In order to establish the unused exemption amount available to the surviving spouse, portability must be elected on a timely filed estate tax return, even if no tax is due. If the election is not made, it is lost. For decedents dying in 2011 through mid-2013, that time has passed. However, on January 27, 2014, the Internal Revenue Service issued Revenue Procedure 2014-18, extending the time to elect portability to December 31, 2014 for decedents dying in 2011 and later years where an estate tax return was not otherwise required to be filed. Hence, there is still time for those estates to elect portability. Since some of those surviving spouses could ultimately have an estate which is greater than his or her own exemption, it is important to seriously consider taking advantage of this renewed opportunity to elect portability.
Marijuana Use By Employees
Can I Terminate Employees Using Marijuana?
Do your employees smoke or use marijuana products? If so, you can terminate them, but you better have the proper policies and procedures in place? If you have employees using marijuana either on-duty or most likely during off-duty hours, those employees may believe their use is protected as lawful after-hours activity off your premises, pursuant to Colorado Revised Statute § 24-34-402.5 (“Lawful Activity Act”). Interestingly, this statute was enacted in 1990 to protect cigarette smokers and has been challenged by an employee of Dish Network, which case is now headed to the Colorado Supreme Court. With Colorado legalizing marijuana for general consumption, it is imperative that you carefully define your employment practice policies and procedures. This is necessary to avoid confusion and other legal issues that could get you sued. Confusion often arises because legalization was decriminalized only at the State level. Marijuana use is not like alcohol use.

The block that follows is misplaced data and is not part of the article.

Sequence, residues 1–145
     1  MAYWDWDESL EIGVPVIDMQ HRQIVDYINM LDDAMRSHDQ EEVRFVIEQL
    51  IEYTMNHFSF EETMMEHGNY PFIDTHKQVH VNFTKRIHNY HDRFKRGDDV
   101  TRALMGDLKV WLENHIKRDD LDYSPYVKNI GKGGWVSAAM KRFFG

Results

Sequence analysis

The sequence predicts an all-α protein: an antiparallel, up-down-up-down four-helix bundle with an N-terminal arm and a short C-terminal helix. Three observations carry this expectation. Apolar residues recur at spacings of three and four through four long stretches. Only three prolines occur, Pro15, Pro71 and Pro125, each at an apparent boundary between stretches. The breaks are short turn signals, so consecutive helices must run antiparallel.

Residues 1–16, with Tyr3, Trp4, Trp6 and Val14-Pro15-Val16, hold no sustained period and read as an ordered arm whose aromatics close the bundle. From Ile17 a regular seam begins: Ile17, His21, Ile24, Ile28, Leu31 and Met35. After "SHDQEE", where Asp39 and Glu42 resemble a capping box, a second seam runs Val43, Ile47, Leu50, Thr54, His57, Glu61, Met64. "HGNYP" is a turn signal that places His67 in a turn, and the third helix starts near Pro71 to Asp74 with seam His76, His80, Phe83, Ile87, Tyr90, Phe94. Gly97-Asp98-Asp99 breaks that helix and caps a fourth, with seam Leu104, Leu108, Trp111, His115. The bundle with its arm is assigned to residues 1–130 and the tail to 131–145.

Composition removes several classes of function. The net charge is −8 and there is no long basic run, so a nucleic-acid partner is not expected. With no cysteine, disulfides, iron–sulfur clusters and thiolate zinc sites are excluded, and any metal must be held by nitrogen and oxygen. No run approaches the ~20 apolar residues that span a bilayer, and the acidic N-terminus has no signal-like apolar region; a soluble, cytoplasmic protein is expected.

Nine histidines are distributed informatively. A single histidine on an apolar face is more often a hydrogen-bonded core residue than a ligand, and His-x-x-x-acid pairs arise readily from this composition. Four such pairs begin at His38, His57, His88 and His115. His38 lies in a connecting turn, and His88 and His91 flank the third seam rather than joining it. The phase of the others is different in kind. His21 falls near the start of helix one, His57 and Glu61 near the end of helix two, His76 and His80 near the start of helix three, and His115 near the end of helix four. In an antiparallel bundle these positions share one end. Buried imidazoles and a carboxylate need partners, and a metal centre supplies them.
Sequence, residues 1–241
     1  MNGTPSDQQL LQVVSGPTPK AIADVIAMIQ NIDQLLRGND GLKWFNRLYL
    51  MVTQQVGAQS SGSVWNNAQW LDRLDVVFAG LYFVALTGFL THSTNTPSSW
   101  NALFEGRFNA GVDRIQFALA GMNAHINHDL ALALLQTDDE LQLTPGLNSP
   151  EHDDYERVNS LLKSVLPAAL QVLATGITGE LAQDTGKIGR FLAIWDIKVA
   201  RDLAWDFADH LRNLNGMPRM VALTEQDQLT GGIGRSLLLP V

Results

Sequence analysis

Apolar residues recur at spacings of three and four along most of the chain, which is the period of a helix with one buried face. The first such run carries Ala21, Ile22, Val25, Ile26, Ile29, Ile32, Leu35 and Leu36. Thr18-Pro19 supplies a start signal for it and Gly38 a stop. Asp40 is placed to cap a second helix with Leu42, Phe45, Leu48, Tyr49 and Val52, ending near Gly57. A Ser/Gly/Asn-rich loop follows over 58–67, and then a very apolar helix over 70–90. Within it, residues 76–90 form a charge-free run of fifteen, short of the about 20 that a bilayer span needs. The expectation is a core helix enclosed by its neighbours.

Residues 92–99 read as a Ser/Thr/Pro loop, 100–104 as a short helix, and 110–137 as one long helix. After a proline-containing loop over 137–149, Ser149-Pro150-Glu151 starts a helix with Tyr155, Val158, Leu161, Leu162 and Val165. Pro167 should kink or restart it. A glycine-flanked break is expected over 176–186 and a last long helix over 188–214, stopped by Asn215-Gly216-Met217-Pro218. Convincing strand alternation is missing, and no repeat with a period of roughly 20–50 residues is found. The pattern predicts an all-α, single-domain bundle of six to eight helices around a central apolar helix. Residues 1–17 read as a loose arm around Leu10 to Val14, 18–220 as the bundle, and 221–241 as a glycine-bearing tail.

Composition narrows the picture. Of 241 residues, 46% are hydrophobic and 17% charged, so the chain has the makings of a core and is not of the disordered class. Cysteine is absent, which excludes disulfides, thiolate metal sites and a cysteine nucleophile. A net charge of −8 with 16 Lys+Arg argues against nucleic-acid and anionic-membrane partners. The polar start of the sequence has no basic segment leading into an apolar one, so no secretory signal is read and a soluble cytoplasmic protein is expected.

Like many employers, you may have employment policies and procedures in place; however they may not be adequate to protect you. Currently, there is not an adequate means of testing the level (nanograms of THC) of an employee being under the influence that does not create significant exposure to liability. Testing that can measure the level of THC exposes you to significant liability of an employee to sue you for illnesses and invasion of privacy. Negotiating around these issues can be treacherous, but a path created, involving random testing and reasonable suspicion, to protect you and allow the termination of employees for marijuana use.
Will Medical Marijuana Be Protected Under the ADA – The Colorado Supreme Court May Tell Us?
Adding to the complication of the legalized use of marijuana for employers, Colorado has both medical use and legalized use of marijuana laws. Medical marijuana has not been repealed. Since the Dish Network case arose under the State Constitution decriminalizing medical marijuana use, it is anticipated that decision will address issues related to medical use and what, if any, protected classes an employee may be included in under the ADA. The State Constitution expressly provides for medical marijuana in situation of a “debilitating medical condition.” However, the determination of that condition and the restriction imposed on a qualified medical professional are very loose, making it easy to obtain a medical marijuana card. While the Court has yet ruled on the matter, issues involving a debilitating medical condition arising to the level of protection under the ADA are extremely likely to arise. IF a protected class is created, the conundrum of what would constitute a reasonable accommodation is sure to be the focus of litigation in the future. Other issues that may come into play could involve the federal Controlled Substance Act and its impact on State law, especially since the DEA does not permit a licensed physician to prescribe marijuana.
By: Andrew Iverson